Videogame (1969). Designed by Jim Storer. Platforms: Mainframe, Arcade, Others.
The first version of Lunar Lander, known as the Lunar Landing Game (1969 Mainframe) and designed by Jim Storer, was turn-based, using a keyboard to accept commands and a teletype printer to display the results. In a homage to the Apollo missions, players had to land a lunar module on the surface of the Moon, while conserving their limited supply of fuel. Storer was a student at a US high school when he wrote the original game; distinct versions, known as Rocket and LEM, were created in the early 1970s by other American students. Eventually the code for all three programs was published in 101 BASIC Computer Games (1974 rev vt BASIC Computer Games 1978) edited by David Ahl. An improved variant in which the player had to land the lunar module in real time on a two-dimensional visual representation of a mountainous moon was then commissioned by Digital Equipment Corporation (DEC), to demonstrate the capabilities of their GT40 graphics terminal. Developed by Jack Burness, this version – Moonlander – was freely distributed on DEC mainframes from 1973. In 1979 Atari Corporation converted the graphical design to a popular arcade game (see Videogames), adding more sophisticated controls and the ability to purchase extra fuel for more money. This version proved to have enduring popularity, spawning an entire genealogy of copies, clones and derivatives.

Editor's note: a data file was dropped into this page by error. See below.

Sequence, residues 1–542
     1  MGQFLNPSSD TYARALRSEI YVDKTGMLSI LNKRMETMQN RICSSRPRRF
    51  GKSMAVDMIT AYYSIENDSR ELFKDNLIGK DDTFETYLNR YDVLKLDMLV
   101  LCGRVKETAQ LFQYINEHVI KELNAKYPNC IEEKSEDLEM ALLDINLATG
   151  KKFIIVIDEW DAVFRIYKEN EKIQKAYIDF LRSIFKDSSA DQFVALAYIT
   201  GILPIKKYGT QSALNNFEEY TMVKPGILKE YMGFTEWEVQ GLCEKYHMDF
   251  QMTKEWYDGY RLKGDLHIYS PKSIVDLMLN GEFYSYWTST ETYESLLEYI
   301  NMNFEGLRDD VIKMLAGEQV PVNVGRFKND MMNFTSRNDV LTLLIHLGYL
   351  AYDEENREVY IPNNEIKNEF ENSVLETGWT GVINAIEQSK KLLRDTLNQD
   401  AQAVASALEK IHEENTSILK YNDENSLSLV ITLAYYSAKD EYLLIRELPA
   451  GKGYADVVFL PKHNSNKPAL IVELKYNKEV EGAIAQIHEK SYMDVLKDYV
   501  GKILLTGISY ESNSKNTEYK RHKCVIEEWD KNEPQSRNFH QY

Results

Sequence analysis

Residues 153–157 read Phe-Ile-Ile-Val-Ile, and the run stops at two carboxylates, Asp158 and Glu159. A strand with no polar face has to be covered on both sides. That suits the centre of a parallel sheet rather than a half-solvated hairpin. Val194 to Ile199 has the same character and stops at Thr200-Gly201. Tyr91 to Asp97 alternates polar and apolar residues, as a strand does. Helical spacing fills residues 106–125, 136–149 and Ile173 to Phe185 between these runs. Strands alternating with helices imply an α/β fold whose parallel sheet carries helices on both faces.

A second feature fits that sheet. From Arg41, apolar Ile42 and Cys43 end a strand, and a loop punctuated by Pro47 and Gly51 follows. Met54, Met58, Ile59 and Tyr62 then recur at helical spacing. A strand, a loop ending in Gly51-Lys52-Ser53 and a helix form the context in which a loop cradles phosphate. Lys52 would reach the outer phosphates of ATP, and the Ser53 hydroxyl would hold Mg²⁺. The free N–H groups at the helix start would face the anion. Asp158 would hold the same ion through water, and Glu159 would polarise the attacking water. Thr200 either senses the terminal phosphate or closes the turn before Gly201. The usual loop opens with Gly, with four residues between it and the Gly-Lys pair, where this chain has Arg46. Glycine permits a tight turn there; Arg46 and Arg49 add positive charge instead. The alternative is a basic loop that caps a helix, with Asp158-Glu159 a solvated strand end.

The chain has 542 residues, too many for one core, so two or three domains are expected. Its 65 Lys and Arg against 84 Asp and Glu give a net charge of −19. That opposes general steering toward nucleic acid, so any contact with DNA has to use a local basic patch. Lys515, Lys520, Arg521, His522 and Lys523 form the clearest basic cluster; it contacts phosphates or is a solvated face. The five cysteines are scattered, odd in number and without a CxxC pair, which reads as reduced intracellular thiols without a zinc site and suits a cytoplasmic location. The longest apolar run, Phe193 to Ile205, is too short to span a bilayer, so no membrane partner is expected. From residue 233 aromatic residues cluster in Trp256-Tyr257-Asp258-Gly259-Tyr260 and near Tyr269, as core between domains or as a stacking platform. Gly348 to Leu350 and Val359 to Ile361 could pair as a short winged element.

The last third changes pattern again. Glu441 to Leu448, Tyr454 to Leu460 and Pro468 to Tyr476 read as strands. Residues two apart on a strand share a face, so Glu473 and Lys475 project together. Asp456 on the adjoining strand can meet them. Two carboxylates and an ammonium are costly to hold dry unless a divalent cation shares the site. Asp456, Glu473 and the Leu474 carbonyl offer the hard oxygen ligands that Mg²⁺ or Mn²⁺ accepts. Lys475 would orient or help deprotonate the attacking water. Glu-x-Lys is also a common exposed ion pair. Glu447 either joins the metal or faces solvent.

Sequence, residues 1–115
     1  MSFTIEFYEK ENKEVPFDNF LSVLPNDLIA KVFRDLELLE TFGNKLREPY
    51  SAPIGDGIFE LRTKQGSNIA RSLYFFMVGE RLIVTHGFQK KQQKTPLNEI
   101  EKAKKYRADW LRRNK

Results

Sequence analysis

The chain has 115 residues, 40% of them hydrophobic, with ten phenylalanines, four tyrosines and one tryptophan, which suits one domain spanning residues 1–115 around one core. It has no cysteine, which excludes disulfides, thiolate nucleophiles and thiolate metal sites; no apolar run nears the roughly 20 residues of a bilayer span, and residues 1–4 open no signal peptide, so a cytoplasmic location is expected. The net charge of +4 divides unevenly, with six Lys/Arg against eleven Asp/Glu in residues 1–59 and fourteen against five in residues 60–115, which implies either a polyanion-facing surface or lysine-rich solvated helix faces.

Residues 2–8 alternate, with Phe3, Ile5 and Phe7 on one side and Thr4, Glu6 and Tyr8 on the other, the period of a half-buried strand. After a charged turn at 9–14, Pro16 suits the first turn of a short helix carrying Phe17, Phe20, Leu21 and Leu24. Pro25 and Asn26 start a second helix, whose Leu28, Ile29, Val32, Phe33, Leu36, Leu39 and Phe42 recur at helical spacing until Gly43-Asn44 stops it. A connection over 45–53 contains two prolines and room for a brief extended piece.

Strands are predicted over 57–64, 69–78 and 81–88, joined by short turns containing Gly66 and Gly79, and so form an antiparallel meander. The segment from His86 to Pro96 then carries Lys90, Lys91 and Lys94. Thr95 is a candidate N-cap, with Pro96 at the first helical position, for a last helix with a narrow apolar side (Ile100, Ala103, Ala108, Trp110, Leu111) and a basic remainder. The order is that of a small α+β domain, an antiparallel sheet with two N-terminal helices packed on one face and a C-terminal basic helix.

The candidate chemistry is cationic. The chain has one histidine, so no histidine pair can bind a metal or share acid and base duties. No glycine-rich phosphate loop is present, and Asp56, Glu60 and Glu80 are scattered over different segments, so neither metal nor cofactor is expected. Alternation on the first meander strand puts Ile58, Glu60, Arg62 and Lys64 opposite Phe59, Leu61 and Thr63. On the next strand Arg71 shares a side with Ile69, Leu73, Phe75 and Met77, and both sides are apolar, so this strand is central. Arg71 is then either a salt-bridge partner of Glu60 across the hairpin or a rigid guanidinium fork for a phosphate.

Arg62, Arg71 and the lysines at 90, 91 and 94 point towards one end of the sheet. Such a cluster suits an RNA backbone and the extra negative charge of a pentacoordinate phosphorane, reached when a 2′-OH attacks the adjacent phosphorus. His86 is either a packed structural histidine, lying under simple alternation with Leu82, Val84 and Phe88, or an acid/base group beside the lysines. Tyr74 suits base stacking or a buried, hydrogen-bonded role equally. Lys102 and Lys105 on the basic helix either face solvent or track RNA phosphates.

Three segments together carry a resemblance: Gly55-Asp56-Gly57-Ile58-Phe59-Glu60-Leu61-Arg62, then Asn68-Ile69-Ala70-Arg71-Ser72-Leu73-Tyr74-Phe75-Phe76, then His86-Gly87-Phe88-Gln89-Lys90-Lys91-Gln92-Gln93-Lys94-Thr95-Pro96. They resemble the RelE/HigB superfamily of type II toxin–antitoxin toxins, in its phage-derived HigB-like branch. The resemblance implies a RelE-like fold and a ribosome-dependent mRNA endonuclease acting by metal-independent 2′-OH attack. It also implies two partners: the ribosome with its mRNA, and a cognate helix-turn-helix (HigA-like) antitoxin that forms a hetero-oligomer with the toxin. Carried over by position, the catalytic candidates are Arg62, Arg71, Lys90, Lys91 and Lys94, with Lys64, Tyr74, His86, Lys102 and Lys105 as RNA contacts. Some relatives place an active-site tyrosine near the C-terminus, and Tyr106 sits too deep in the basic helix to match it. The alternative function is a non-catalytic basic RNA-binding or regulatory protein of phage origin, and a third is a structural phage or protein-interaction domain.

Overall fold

In contrast to its predecessor Spacewar (1962), the lander's movement is always modelled using realistic Physics. In fact, nature's cold equations are the player's only enemy; there are no aliens to fight, or missiles to avoid. Lunar Lander remains one of the few Videogames to be based on a real space programme, as opposed to the many games inspired by fictional forms of space exploration. [NT]
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